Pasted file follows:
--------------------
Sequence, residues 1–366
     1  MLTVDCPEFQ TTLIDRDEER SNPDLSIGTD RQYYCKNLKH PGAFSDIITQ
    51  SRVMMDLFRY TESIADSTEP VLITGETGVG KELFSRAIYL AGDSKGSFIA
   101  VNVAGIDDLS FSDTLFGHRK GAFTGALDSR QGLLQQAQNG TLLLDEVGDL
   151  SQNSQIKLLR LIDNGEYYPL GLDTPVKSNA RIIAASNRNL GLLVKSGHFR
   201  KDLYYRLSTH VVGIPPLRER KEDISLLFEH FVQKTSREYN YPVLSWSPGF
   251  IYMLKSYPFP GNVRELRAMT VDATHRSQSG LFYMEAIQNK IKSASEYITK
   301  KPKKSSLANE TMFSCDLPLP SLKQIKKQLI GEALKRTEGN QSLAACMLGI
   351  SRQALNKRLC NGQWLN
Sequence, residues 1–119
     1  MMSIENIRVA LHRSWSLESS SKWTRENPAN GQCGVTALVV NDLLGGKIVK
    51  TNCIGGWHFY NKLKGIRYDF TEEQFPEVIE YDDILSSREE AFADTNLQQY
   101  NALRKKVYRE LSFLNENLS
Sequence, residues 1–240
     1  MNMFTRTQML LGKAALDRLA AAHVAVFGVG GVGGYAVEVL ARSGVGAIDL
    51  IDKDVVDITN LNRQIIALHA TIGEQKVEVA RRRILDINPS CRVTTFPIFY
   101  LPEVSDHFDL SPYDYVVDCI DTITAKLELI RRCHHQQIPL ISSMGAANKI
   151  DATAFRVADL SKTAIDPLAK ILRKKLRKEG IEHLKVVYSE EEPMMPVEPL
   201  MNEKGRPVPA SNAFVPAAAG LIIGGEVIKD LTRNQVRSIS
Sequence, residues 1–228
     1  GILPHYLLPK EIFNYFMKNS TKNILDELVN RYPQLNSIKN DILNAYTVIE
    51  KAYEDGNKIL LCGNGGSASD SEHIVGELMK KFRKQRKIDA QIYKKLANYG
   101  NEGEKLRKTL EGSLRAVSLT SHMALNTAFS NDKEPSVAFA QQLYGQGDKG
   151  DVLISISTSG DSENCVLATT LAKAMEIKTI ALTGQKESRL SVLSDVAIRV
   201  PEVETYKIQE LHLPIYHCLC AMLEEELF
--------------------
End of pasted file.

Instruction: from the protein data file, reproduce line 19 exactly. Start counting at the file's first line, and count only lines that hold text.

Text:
   201  MNEKGRPVPA SNAFVPAAAG LIIGGEVIKD LTRNQVRSIS